Featured Research

from universities, journals, and other organizations

NASA Sees 2004's Hurricane Charley Slice A Florida Island

Date:
October 21, 2005
Source:
NASA/Goddard Space Flight Center
Summary:
The U.S. Geological Survey (USGS), NASA and the U.S. Army Corps of Engineers are studying the effects of 2004's Hurricane Charley on Florida's Captiva Island, as part of a cooperative research project investigating coastal change.

A Digital Look at the Flooding: NASA's EAARL (Experimental Advanced Airborne Research Lidar), a laser mapping system was used to create a digital elevation model (DEM) showing flooding from 0-9.8 feet.
Credit: NASA

Hurricane Charley came ashore on the southwest coast of Florida as a Category 4 hurricane on Friday, Aug. 13, 2004, and changed the look of North Captiva Island.

The U.S. Geological Survey (USGS), NASA and the U.S. Army Corps of Engineers are studying the effects of Charley as part of a cooperative research project investigating coastal change.

The USGS Coastal and Marine Geology Program investigates the extent and causes of coastal impacts of hurricanes and extreme storms on the coasts of the United States. The program's overall objective is to improve the capability to predict coastal change that results from severe tropical and extra-tropical storms. Such a capability will facilitate locating buildings and infrastructure away from coastal change hazards.

On Aug. 15, aerial video and still photography were acquired from Venice to Marco Island, Fla. On Aug. 16, NASA's laser mapping system called EAARL (Experimental Advanced Airborne Research Lidar), measured ocean depths and the topography of the ocean floor and the coast.

The data were compared to an earlier survey conducted in June 2004 by the Army Corps of Engineers using CHARTS (Compact Hydrographic Airborne Rapid Total Survey) to detect the magnitude and spatial variability of coastal changes such as beach erosion, overwash deposition and island breaches. The data will also be used to develop and test computer models that will predict coastal impacts from severe storms. It will be made available to local, state and federal agencies for purposes of disaster recovery and erosion mitigation.

"They are trying to better understand how hurricanes or Nor'easters impact coastal environments," said C. Wayne Wright, remote-sensing scientist at NASA Goddard's Wallops Island Flight Facility, Wallops Island, Va.

This is a joint project with NASA, the USGS and the Army Corps of Engineers. The partners are using this to measure beach face changes as a result of severe storms.


Story Source:

The above story is based on materials provided by NASA/Goddard Space Flight Center. Note: Materials may be edited for content and length.


Cite This Page:

NASA/Goddard Space Flight Center. "NASA Sees 2004's Hurricane Charley Slice A Florida Island." ScienceDaily. ScienceDaily, 21 October 2005. <www.sciencedaily.com/releases/2005/10/051021123511.htm>.
NASA/Goddard Space Flight Center. (2005, October 21). NASA Sees 2004's Hurricane Charley Slice A Florida Island. ScienceDaily. Retrieved September 17, 2014 from www.sciencedaily.com/releases/2005/10/051021123511.htm
NASA/Goddard Space Flight Center. "NASA Sees 2004's Hurricane Charley Slice A Florida Island." ScienceDaily. www.sciencedaily.com/releases/2005/10/051021123511.htm (accessed September 17, 2014).

Share This



More Matter & Energy News

Wednesday, September 17, 2014

Featured Research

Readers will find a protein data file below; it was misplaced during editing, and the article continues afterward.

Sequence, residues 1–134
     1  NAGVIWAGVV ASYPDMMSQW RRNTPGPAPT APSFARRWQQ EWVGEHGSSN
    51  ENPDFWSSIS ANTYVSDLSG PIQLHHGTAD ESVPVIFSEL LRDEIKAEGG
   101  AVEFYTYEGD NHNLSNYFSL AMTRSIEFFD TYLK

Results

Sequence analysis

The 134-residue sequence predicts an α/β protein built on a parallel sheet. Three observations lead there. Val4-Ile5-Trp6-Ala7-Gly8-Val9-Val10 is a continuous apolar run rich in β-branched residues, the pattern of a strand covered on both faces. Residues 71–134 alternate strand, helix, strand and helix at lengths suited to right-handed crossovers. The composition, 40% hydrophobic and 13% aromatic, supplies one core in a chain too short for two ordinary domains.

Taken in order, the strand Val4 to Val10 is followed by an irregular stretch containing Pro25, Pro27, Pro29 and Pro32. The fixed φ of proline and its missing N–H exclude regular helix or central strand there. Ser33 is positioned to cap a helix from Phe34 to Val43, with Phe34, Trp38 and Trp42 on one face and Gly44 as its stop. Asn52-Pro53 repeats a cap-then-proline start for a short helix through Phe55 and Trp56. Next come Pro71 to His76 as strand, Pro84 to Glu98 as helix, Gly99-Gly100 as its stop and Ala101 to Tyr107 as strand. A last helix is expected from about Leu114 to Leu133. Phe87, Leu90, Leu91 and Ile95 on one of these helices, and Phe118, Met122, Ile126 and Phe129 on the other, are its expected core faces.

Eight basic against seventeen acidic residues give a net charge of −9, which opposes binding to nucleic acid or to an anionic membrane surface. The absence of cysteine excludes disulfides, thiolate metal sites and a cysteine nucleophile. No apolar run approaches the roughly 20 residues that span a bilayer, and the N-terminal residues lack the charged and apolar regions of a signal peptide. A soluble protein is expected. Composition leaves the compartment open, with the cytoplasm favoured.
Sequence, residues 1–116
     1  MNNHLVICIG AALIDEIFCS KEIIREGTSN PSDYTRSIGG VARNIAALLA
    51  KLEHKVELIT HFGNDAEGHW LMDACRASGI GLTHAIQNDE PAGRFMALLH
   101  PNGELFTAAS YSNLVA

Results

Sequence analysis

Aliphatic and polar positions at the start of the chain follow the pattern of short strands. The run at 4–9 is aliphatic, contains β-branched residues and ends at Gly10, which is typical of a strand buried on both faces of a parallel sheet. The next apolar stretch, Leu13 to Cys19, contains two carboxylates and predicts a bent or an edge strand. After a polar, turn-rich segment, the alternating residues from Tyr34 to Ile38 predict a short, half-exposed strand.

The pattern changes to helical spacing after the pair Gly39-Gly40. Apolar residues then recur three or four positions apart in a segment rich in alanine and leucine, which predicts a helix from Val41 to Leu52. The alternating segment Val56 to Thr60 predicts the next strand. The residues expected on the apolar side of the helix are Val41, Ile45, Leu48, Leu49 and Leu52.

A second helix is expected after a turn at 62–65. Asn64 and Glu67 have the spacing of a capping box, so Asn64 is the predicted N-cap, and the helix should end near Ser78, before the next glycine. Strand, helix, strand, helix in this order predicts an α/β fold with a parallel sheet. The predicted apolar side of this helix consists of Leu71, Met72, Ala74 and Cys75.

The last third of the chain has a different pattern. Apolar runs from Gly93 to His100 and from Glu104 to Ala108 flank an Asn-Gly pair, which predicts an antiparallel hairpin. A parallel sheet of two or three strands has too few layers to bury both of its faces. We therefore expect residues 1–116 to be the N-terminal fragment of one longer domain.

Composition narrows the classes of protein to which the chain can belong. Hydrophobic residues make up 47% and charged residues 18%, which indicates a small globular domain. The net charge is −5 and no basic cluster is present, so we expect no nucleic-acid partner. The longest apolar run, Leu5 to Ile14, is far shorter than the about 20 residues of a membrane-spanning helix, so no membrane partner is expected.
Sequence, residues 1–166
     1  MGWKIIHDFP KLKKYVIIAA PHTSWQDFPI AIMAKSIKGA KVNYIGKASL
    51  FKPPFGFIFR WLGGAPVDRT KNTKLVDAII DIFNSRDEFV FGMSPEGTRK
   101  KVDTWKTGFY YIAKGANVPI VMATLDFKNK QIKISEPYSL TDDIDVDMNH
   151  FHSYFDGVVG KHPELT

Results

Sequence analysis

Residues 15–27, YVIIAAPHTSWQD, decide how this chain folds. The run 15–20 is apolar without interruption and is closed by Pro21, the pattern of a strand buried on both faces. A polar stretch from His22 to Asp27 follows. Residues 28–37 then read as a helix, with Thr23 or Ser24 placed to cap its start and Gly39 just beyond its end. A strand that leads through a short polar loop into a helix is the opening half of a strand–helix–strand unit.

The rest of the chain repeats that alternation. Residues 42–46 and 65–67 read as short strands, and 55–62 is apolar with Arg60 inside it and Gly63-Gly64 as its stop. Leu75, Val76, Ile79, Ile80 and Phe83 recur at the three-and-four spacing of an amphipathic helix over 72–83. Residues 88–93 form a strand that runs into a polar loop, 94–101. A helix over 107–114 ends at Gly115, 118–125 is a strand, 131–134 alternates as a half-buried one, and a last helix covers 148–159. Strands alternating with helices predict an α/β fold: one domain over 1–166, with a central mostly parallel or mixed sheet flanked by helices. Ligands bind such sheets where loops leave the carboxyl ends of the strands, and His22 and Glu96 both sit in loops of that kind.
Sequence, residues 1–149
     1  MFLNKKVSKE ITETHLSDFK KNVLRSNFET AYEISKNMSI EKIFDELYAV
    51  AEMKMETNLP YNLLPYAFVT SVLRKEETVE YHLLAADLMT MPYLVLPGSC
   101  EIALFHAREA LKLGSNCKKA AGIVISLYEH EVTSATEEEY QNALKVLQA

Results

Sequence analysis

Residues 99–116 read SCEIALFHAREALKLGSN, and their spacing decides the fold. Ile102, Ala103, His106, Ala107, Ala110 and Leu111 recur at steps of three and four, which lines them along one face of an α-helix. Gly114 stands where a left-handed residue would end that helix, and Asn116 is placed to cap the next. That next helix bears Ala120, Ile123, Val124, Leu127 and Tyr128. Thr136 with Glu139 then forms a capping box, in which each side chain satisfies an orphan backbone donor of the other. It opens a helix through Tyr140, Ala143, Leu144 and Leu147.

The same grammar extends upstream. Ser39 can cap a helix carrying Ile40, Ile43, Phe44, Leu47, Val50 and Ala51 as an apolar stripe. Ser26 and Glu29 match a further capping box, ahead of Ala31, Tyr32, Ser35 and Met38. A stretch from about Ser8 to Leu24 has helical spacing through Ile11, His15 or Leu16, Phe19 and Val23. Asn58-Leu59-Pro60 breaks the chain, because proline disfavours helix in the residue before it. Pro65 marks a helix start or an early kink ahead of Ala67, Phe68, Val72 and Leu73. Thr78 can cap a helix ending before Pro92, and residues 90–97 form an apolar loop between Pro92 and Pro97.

from universities, journals, and other organizations


Featured Videos

from AP, Reuters, AFP, and other news services

Space Race Pits Bezos Vs Musk

Space Race Pits Bezos Vs Musk

Reuters - Business Video Online (Sep. 16, 2014) Amazon CEO Jeff Bezos' startup will team up with Boeing and Lockheed to develop rocket engines as Elon Musk races to have his rockets certified. Fred Katayama reports. Video provided by Reuters
Powered by NewsLook.com
MIT's Robot Cheetah Unleashed — Can Now Run, Jump Freely

MIT's Robot Cheetah Unleashed — Can Now Run, Jump Freely

Newsy (Sep. 16, 2014) MIT developed a robot modeled after a cheetah. It can run up to speeds of 10 mph, though researchers estimate it will eventually reach 30 mph. Video provided by Newsy
Powered by NewsLook.com
Manufacturer Prints 3-D Car In Record Time

Manufacturer Prints 3-D Car In Record Time

Newsy (Sep. 15, 2014) Automobile manufacturer Local Motors created a drivable electric car using a 3-D printer. Printing the body only took 44 hours. Video provided by Newsy
Powered by NewsLook.com
Refurbished New York Subway Tunnel Unveiled After Sandy Damage

Refurbished New York Subway Tunnel Unveiled After Sandy Damage

Reuters - US Online Video (Sep. 15, 2014) New York officials unveil subway tunnels that were refurbished after Superstorm Sandy. Nathan Frandino reports. Video provided by Reuters
Powered by NewsLook.com

Search ScienceDaily

Number of stories in archives: 140,361

Find with keyword(s):
Enter a keyword or phrase to search ScienceDaily for related topics and research stories.

Save/Print:
Share:

Breaking News:
from the past week

In Other News

... from NewsDaily.com

Science News

Health News

    Environment News

      Technology News



      Save/Print:
      Share:

      Free Subscriptions


      Get the latest science news with ScienceDaily's free email newsletters, updated daily and weekly. Or view hourly updated newsfeeds in your RSS reader:

      Get Social & Mobile


      Keep up to date with the latest news from ScienceDaily via social networks and mobile apps:

      Have Feedback?


      Tell us what you think of ScienceDaily -- we welcome both positive and negative comments. Have any problems using the site? Questions?
      Mobile: iPhone Android Web
      Follow: Facebook Twitter Google+
      Subscribe: RSS Feeds Email Newsletters
      Latest Headlines Health & Medicine Mind & Brain Space & Time Matter & Energy Computers & Math Plants & Animals Earth & Climate Fossils & Ruins